Vienna’s CityBike Wien system givers users twice as much rental time as Divvy. Photo: Michael Podgers

Illinois Bicycle Lawyers - Mike Keating logo

While visiting Vienna, Austria, I gave their CityBike Wien bike-share system a spin and found it has a couple of advantages over Chicago’s Divvy system. CityBike Wien is dirt cheap, with a one-time registration fee of only one euro, about a dollar, compared to $9.95 for a Divvy day pass. And the first hour of every ride on CityBike Wien is free, while Divvy users start racking up late fees after the first 30 minutes. That means you can practically ride across the entire city of Vienna without having to re-dock your bike.

My experience with CityBike Wien made me think about what Divvy could do to improve user experience and encourage more ridership. Offering a longer period before late fees kick in might make the system more convenient to use, and there are several other possibilities for making the system more user-friendly.

Bike-share is generally designed for short trips and errands, especially “last-mile trips” between transit stations and other destinations. When Divvy bikes are used this way, 30 minutes is plenty of time. Moreover, customers can take longer rides without accruing late fees by “dock surfing,” briefly checking in the bike at a station every half hour. If you have a membership key, this usually adds only a dozen seconds or so to your trip time.

On the other hand, there are other systems besides Vienna’s that offer a longer free rental period than Divvy. For example, New York’s Citi Bike and Paris’ Vélib’ allow annual members to use bikes for 45 minutes without late fees, although day pass holders can only use them for 30 minutes without extra fees.

So would it make sense to extend the Divvy rental period? Michelle Stenzel, co-leader of the grassroots group Bike Walk Lincoln Park, isn’t convinced that’s necessary.

“Although I don’t want to diminish the needs of users who truly want to ride a Divvy for 45 minutes…I have to ask whether those people have actually tried riding a Divvy for that long,” Stenzel said. “Those bikes are heavy!” She added that she avoids using Divvy for more than 20-25 minutes at a time, but that’s plenty of time for the kind of trips the system is intended for.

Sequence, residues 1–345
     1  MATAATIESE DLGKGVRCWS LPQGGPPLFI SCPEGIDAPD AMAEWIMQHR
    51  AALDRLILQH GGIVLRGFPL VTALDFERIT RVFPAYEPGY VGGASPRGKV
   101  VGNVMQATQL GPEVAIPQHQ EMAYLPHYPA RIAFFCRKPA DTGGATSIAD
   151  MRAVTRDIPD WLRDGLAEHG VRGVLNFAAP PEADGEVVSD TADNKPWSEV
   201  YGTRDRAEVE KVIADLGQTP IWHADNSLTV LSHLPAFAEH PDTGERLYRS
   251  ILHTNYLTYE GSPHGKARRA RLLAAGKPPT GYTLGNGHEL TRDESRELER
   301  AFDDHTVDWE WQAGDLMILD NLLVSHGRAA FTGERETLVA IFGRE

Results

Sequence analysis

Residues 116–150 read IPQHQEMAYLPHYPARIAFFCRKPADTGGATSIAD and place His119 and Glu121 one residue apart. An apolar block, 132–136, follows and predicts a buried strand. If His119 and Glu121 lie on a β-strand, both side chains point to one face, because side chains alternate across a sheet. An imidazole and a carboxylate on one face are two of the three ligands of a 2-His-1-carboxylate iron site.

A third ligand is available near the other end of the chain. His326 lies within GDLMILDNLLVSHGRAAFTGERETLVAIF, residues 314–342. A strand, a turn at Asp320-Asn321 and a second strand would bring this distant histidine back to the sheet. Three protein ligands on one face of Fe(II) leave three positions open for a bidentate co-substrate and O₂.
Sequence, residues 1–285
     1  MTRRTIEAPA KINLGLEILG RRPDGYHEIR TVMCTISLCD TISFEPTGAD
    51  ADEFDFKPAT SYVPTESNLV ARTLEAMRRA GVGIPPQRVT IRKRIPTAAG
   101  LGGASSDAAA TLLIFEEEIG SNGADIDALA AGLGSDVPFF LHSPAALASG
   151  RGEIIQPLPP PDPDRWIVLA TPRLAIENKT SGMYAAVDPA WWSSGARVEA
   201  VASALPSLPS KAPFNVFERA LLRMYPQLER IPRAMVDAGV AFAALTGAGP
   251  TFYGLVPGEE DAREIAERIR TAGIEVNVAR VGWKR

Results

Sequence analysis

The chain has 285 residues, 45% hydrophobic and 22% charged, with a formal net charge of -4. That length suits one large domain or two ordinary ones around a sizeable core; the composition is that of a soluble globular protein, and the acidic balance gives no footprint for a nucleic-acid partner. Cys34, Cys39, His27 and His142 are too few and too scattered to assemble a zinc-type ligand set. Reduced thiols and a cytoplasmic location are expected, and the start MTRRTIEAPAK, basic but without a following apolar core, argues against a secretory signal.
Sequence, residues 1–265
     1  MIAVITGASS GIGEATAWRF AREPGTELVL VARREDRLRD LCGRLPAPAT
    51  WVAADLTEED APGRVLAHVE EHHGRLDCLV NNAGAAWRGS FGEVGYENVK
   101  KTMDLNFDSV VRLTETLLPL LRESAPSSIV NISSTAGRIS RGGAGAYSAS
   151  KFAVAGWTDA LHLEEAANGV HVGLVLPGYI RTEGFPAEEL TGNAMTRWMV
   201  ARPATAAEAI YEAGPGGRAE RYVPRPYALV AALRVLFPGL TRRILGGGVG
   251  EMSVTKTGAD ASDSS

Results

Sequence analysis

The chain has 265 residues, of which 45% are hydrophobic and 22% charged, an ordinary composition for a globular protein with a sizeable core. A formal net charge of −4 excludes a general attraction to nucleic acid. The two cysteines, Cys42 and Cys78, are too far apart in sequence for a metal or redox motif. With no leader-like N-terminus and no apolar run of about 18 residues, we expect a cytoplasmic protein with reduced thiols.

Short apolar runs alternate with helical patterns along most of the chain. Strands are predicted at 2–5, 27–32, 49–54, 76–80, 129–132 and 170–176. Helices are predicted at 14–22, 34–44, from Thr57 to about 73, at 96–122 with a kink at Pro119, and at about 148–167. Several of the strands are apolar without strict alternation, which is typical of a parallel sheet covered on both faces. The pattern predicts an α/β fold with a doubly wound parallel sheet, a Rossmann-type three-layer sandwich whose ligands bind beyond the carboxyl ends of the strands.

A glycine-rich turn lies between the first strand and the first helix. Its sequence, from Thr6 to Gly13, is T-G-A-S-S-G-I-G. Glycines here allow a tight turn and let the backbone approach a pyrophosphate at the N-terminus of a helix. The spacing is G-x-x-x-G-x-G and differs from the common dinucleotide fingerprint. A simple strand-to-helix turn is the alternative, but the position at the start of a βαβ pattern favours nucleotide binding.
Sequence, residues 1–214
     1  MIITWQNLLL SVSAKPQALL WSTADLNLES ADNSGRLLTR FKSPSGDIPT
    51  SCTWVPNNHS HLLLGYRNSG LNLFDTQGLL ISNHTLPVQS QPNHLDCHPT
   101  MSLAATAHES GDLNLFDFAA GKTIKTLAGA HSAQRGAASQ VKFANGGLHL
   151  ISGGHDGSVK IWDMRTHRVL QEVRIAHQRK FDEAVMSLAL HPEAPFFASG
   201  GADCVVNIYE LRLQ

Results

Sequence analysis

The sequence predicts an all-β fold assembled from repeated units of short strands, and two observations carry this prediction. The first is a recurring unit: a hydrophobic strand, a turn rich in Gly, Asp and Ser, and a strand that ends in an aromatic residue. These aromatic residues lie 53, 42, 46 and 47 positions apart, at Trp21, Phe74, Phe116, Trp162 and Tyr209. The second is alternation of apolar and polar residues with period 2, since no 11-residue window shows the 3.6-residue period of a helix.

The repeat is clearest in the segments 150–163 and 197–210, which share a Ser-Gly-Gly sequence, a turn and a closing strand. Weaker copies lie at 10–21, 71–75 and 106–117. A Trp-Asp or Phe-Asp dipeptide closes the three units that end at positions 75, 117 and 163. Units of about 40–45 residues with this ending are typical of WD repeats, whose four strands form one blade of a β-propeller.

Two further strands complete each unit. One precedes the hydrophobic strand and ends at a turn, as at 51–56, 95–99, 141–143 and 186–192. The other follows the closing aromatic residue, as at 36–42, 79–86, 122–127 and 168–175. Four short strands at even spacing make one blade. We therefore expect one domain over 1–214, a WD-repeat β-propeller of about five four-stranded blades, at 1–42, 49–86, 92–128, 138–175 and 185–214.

However, as the Divvy coverage area grows, customer may wish to take longer rides. This year the network expanded to 476 stations, covering 476 stations and 33 of Chicago’s 50 wards, making it the largest system in North America based on the number of stations and the geographic area served. Next year, Divvy is adding 70 new stations in Chicago, Evanston and Oak Park next year, so the the coverage area will grow significantly.

But Jim Merrell, a campaign director at the Active Transportation Alliance doesn’t think the larger service area will lead to a demand for a longer rental period. “Divvy’s great for the shorter trips, but I have a hard time seeing people using Divvy [for longer trips],” he said. He added that Divvy seems to be most useful for rides within neighborhoods, or when combined with transit. Still, longer rental times could make using Divvy a more relaxing experience by reducing the need to watch the clock and dock surf.

Read more…


Eyes on the Street: Roosevelt Raised Bike Lane Is Almost Ready to Ride

Illinois Bicycle Lawyers - Mike Keating logo

It seems like it has taken an eternity, but the Roosevelt Road raised bikeway is finally getting the green paint and bike symbols that will turn it into a functional cycling route. This Chicago Department of Transportation initiative is part of a streetscaping project that involved widening the sidewalk along Roosevelt between State Street and Michigan Avenue to make room for the two-way bike lane.